BISMARCK — A complaint against Dakota Access Pipeline alleging violations of the North Dakota permit will proceed to a hearing, the state’s Public Service Commission said Tuesday, Jan. 31.
Commissioners unanimously denied a motion from the company to dismiss a complaint related to the company’s failure to immediately notify regulators after cultural artifacts were found in the pipeline route in Morton County.
Staff for the Public Service Commission have proposed a $15,000 fine for violations of the permit, including rerouting the pipeline without clearance from the commission.
Dakota Access, a subsidiary of Energy Transfer Partners, argued the delay in notifying commissioners was not a “willful violation.”
The pipeline company discovered four stone cairns and other artifacts during construction on Oct. 17. Dakota Access notified the State Historic Preservation Office and rerouted the pipeline to avoid the artifacts. The company did not notify commissioners, who learned about the discovery about a week later from a third-party inspector.
The matter will now proceed to a hearing to determine the merits of the allegations unless the company reaches a settlement agreement with the commission.
Commissioner Brian Kalk said this case may test what weight commission orders really have.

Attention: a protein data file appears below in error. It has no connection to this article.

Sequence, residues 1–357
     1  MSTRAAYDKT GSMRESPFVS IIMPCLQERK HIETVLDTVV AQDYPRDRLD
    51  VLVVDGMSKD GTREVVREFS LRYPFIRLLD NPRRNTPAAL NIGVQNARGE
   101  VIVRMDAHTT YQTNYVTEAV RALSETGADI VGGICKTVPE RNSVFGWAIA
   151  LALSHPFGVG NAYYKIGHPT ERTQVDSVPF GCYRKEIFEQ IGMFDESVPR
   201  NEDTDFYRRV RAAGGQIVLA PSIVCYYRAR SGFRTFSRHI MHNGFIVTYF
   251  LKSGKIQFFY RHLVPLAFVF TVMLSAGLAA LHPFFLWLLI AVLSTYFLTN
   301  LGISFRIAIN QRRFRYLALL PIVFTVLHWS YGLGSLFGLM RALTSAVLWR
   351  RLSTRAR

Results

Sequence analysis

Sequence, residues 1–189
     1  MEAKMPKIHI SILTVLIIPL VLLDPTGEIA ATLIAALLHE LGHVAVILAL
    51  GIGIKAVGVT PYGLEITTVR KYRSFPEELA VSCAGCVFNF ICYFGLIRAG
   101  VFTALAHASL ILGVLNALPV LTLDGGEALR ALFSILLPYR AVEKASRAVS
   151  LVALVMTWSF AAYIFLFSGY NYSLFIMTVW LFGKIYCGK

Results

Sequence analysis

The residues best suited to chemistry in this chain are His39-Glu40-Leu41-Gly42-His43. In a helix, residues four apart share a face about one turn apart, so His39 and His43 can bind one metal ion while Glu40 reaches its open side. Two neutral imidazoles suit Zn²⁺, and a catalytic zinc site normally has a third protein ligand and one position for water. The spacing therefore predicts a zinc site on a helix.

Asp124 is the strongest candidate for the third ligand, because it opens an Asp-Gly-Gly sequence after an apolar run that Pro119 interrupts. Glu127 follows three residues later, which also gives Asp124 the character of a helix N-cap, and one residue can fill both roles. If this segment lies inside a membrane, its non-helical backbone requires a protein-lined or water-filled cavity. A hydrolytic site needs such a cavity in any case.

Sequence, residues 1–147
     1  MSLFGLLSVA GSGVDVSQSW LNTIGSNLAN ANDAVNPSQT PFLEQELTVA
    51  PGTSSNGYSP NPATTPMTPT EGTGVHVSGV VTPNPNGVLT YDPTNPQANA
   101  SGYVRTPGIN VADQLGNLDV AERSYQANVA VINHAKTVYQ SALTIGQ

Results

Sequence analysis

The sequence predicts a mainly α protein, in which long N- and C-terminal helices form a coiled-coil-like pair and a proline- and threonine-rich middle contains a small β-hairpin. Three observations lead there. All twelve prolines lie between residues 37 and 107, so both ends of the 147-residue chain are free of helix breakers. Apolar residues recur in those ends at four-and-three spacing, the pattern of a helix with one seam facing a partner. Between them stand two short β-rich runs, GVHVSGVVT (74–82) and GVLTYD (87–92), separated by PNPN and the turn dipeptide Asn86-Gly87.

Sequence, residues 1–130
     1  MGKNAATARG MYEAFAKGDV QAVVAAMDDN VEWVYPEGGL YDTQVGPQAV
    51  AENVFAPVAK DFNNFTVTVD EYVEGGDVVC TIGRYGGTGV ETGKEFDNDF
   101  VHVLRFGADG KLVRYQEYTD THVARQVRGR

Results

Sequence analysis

“We put all these things in the order. If it’s so easy for a company to say, ‘we didn’t know,’ then we’ve got to change the way we do orders,” he said.
Tuesday was Kalk’s final day on the commission after he resigned to accept a job at the Energy and Environmental Research Center at the University of North Dakota.
It will be up to Gov. Doug Burgum to appoint Kalk’s successor. The governor’s office is still in the process of collecting names and a date has not been set for the appointment, said spokesman Mike Nowatzki.
“I have a sense that they’re working very hard down there and they’ll probably make a decision relatively shortly,” said Kalk, who served two years of his second six-year term.
Burgum’s appointee will need to run in the general election in 2018 to complete the remainder of the term.
Commissioners said Kalk’s departure from the three-member commission will not delay scheduling the Dakota Access hearing or other business.
Commission Chairman Randy Christmann had previously abstained from voting on matters related to Dakota Access because the pipeline crosses land in Williams County that was recently deeded to his wife by his mother-in-law.
Christmann said Tuesday that after discussing the matter with legal staff, he didn’t consider it a conflict of interest to vote on the Dakota Access complaint case because it will have no impact on his wife’s property.